Harold Norman Lynge

A farmboy turned neurosurgeon, he fell in love with a craggy plot of land on the Juan de Fuca strait, and returned every year
Richard Warnica
Harold Norman Lynge
Illustration by Julia Minamata

Harold Norman Lynge was born on a wheat farm in the fertile Regina Plains on March 29, 1922, the son of Amelia and Kristian, Lutheran immigrants from Jutland, Denmark. Kristian came to the New World in 1914. He worked in Chicago but returned home twice to woo his bride. Eventually, Amelia agreed to join him. She booked passage to Montreal in 1919. Later that year the two settled on a rented section of land just off the old Soo Highway between Drinkwater and Moose Jaw. Harold arrived three years later. His only sister Marie was born the next year. He had no brothers.

Harold grew up in a farmhouse without running water or electricity. There was never much money, Marie says, but always plenty of food. Amelia canned anything: potatoes, carrots, turnips, even chickens. But at harvest, it was her pies that drew crowds from neighbouring farms. Marie says she had a happy childhood. “But I’m not sure my brother felt the same way. He was a very intense person. He worried about mother and dad and the hardships they were facing.”

During the school year, Harold and Marie travelled by horseback more than six kilometres through the snow to a one-room schoolhouse. Harold rode the faster animal, a great brown beauty named Stuffy. Marie’s mare, Jessie, was older and slower. “When Harold was ill, I was thrilled because I could race his horse,” she says. The early exposure stuck with Harold. He was a dedicated horseman for most of his life. He “could ride anything on four legs,” says his wife, Amy.

The dust-bowl years devastated the Lynge farm, ruining harvests year after year. Doctors survived those years better than most, Harold noticed. So after high school and a failed stint in the navy—he was “whoppingly colour blind,” says his son Dana—he signed up for medical school. He enrolled at the University of Saskatchewan, then transferred to McGill. Eventually, he landed a fellowship at the Mayo Clinic in Minnesota, where he became a specialist in neurosurgery.

It was at the Mayo Clinic that Harold met a nursing trainee named Patricia Govier. Like Harold, Patricia grew up on a farm in the Canadian Prairies—Manitoba in her case—and the two quickly hit it off. They were married before his training was done. Dana, their first child, was born soon after. Eric, their second son, followed after another five years.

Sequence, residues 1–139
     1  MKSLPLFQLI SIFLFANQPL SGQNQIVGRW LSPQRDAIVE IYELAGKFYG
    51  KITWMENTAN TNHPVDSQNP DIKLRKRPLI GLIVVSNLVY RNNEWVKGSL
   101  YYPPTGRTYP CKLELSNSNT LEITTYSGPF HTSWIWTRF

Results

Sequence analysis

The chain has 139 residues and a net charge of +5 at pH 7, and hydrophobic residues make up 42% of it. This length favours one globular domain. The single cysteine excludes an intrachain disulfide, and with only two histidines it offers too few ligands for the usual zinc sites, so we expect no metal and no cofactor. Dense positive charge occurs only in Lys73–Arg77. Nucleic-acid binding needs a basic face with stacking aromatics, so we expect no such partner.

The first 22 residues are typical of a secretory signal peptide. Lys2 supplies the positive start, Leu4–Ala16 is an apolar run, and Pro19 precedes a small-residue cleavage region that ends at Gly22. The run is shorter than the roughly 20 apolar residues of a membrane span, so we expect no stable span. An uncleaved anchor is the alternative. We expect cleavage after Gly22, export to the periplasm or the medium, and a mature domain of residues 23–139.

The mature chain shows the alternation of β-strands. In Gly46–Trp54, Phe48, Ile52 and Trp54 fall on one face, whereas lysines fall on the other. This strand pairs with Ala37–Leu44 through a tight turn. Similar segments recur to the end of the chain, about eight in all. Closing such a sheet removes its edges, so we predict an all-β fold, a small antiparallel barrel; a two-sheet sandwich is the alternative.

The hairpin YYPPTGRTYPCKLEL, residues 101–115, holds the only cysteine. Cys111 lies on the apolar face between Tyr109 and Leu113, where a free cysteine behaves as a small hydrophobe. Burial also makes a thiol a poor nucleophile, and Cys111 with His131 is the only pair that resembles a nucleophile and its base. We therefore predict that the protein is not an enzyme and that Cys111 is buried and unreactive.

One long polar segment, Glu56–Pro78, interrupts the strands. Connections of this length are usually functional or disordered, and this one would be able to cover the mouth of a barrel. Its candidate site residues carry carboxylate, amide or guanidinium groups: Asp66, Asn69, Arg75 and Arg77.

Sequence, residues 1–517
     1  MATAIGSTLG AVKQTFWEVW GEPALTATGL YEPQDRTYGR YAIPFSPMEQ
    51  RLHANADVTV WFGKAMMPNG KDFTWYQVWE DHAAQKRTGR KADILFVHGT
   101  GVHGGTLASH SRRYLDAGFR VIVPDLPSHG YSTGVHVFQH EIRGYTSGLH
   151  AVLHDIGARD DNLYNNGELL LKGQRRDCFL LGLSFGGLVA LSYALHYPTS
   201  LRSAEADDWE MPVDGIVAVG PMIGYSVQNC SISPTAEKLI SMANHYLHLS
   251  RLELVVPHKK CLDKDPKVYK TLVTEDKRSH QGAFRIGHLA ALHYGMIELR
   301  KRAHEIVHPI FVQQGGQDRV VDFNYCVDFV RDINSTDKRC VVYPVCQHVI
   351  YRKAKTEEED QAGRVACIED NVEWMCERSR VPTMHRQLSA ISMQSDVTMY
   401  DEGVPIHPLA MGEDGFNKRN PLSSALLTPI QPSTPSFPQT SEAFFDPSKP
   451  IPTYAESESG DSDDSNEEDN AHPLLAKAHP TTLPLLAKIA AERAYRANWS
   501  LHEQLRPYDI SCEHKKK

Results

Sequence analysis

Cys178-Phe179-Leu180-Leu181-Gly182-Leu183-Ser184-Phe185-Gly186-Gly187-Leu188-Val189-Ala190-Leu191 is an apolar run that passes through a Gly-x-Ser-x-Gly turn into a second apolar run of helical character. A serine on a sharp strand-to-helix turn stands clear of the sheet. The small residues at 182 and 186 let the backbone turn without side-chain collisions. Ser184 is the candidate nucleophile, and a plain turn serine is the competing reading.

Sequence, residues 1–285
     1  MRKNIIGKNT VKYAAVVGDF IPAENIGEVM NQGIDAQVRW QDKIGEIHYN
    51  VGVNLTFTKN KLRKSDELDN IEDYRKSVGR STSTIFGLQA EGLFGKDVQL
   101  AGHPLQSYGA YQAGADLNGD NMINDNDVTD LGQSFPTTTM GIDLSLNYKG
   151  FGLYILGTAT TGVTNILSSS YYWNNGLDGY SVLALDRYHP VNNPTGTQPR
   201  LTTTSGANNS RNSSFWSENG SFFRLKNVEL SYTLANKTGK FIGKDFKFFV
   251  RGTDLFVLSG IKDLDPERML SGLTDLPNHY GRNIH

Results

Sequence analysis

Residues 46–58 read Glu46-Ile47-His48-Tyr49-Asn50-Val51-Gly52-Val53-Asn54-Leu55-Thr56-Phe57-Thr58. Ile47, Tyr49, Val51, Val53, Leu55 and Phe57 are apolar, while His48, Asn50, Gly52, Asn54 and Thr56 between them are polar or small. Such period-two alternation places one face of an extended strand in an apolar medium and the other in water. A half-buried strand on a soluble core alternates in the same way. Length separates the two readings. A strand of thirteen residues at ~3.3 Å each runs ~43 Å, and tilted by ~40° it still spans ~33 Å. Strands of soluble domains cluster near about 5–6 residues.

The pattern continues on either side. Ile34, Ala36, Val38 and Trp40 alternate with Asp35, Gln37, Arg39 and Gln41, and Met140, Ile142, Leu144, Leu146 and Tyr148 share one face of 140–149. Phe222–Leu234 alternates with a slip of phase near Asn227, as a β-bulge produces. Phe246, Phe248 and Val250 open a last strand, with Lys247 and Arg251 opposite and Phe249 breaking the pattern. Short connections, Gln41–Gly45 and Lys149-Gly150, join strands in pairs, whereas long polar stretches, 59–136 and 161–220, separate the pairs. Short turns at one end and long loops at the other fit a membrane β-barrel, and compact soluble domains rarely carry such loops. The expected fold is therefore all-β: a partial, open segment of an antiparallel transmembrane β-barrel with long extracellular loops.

Harold practised in Winnipeg for a number of years, but opportunities beckoned down south. He eventually moved his family to the Bay Area in California, where he worked at a hospital in San Jose and taught at the medical school in Stanford. Life as a neurosurgeon could be hectic. The hours were long and the pressure fierce. But Harold remained even-keeled. “He had a great sense of humour,” Dana says. “I think that helped him survive a lot of stuff.” He also remained a Prairie man, and not just at heart. Even after his children were born, Harold still returned to Saskatchewan every year to help his father with the harvest. “That was dad’s holiday, basically,” Dana says.

In the early 1970s, on a visit to B.C., Harold fell for a plot of land on Vancouver Island overlooking the Juan de Fuca Strait. Harold and Patricia planned to put up a second home on the craggy lot. But in 1976, Patricia was driving north with the blueprints when she suffered an aneurysm and crashed. She didn’t survive the wreck. Building the home became Harold’s passion. “We called it a memorial to Pat,” Marie says. “He finished it the exact way that she had planned.”

In 1985, Harold met Amy Cole on a blind date in San Francisco. The two were married four years later in a ceremony at his Vancouver Island home. Harold instilled his love of the rocky, oceanfront property in his new wife. After he retired in 1992, the two split their time between there and her condo in California.

On April 22, 2011, Harold was driving back to Canada for the summer when he fainted outside his car in Washington State. His health plummeted. He spent weeks in the hospital before returning to San Francisco. Even then, as it became clear he might not recover, Harold never gave up hope of seeing his Canadian home one more time. “It was his driving ambition to get back to that beautiful place,” Amy says. “There was nothing that meant more to him than that.”

On Aug. 26, with his family around him at his San Francisco home, Harold died of pneumonia. He was 89 years old.